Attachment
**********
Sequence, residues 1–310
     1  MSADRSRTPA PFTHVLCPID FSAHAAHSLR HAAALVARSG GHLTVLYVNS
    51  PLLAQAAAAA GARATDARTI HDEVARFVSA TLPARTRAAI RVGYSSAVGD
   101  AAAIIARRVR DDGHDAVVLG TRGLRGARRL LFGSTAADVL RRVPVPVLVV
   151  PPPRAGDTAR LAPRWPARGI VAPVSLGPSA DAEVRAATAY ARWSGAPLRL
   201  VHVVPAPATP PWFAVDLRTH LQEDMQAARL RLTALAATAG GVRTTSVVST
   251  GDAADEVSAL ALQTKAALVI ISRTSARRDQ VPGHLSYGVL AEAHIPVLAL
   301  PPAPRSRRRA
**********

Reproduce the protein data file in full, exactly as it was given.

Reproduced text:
Sequence, residues 1–310
     1  MSADRSRTPA PFTHVLCPID FSAHAAHSLR HAAALVARSG GHLTVLYVNS
    51  PLLAQAAAAA GARATDARTI HDEVARFVSA TLPARTRAAI RVGYSSAVGD
   101  AAAIIARRVR DDGHDAVVLG TRGLRGARRL LFGSTAADVL RRVPVPVLVV
   151  PPPRAGDTAR LAPRWPARGI VAPVSLGPSA DAEVRAATAY ARWSGAPLRL
   201  VHVVPAPATP PWFAVDLRTH LQEDMQAARL RLTALAATAG GVRTTSVVST
   251  GDAADEVSAL ALQTKAALVI ISRTSARRDQ VPGHLSYGVL AEAHIPVLAL
   301  PPAPRSRRRA